Injuries in the field: How does the mix of mares and geldings play in?

3 min.

Maybe like us, you have always been told that mares and geldings are best kept apart. Supposedly because a mix of genders increases the risk injuries in the field. This is thought to be due to the horses’ aggressive behavior directed at the opposite sex. But is that really true? We have taken a look at some studies of horses’ field behavior.

[adrotate group=”16″]

“There is no greater (or lower) risk in turning horses out in mixed groups than there is in letting them stay in groups of only mares or geldings”

Animal psychologist Nanna Mia Hansen


Does your horse only spend field time with others of the same sex? Then he or she is far from the only one. Most horse people have at some point encountered the myth that geldings, stallions and mares are best off in separate groups. Of course, mares and stallions cannot be kept together for the simple reason that we all know. But does the same apply to mares and geldings?

Animal psychologist Nanna Mia Hansen points out – based on a number of studies, that letting her horse in a fold in mixed gender groups does not affect the horse’s level of aggression or the risk of injuries.
On Facebook profile, she writes: “There is no greater (or lower) risk of turning the horse out in mixed groups than there is of letting them stay in groups of strictly mares or geldings.”
She also writes: “Young horses should preferably grow up in mixed gender and age groups, otherwise they risk becoming socially handicapped.”

We have looked at the research studies that Nanna Mia Hansen refers to. Both studies examine the gender composition among horses in field groups.


The purpose of the study was to test the effects of gender composition of horses in relationship to injuries, social interactions and distance. A total of 66 horses from Norway and Denmark were used for the experiment. They were divided into six groups – a group of mares, a gelding group and a mixed group, where most groups consisted of three or four animals.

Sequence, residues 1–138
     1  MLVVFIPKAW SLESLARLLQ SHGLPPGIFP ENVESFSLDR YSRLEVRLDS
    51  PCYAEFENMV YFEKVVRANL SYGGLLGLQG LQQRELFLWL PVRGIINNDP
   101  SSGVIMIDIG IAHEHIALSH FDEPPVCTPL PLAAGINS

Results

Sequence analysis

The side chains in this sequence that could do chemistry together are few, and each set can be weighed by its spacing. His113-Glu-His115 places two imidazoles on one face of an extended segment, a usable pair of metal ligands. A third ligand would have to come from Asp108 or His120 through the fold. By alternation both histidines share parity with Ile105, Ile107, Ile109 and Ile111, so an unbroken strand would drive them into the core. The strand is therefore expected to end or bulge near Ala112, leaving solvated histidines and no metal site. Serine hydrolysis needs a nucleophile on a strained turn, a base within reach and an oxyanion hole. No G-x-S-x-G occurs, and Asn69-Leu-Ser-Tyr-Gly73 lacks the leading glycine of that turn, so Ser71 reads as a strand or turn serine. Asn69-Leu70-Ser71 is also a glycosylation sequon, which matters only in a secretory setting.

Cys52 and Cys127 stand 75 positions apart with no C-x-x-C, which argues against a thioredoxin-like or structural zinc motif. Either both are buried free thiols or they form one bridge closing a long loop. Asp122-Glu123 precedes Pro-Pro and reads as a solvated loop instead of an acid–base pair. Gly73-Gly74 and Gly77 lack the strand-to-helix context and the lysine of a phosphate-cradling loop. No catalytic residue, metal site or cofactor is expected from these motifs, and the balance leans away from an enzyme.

After 4–6 weeks of acclimatization, the researchers recorded the horses’ social interactions using continuous observation – 1 hour in the morning and 1 hour in the afternoon for three consecutive days.

The horses were thoroughly inspected for damage beforehand, day 1 after and daily for 4–6 weeks during grouping. No significant differences were found in the horses between the three groups.


Another Scandinavian study from 2016 called Injury incidence, reactivity and ease of handling of horses kept in groups is also interesting. Here, 61 groups of horses from Sweden, Finland and Denmark were used to study gender and aggression. The researchers found that the horses’ levels of aggression were not depended on whether they were stallions, mares or geldings. The level of aggression between the horses was to a much greater extent determined by the breed. An also how much replacement there was in the field.


The Scandinavian study also showed that warm-blooded horses in particular show more aggressive behavior. That is when new horses are to be included in the group – than is the case, for example, with Icelandic horses.

The Icelandic horse was actually the breed that got the most from interacting with each other across the sexes in the study. In other words: should we really be more concerned with the breeds? Or with whether mares and geldings – and stallions – get together when it comes to the behavior of the horses in the field?


Applied Animal Behaviour Science: Grouping horses according to gender – Effects on aggression,
spacing and injuries

Applied Animal Behaviour Science: Injury incidence, reactivity and ease of handling of horses kept in groups: A matched case control study in four Nordic countries
Animalpsykologist Nanna Mia Hansen: Hopper & vallakker kan trives sammen

Related tags

Similar Articles

Content, competitions & community - Straight to your inbox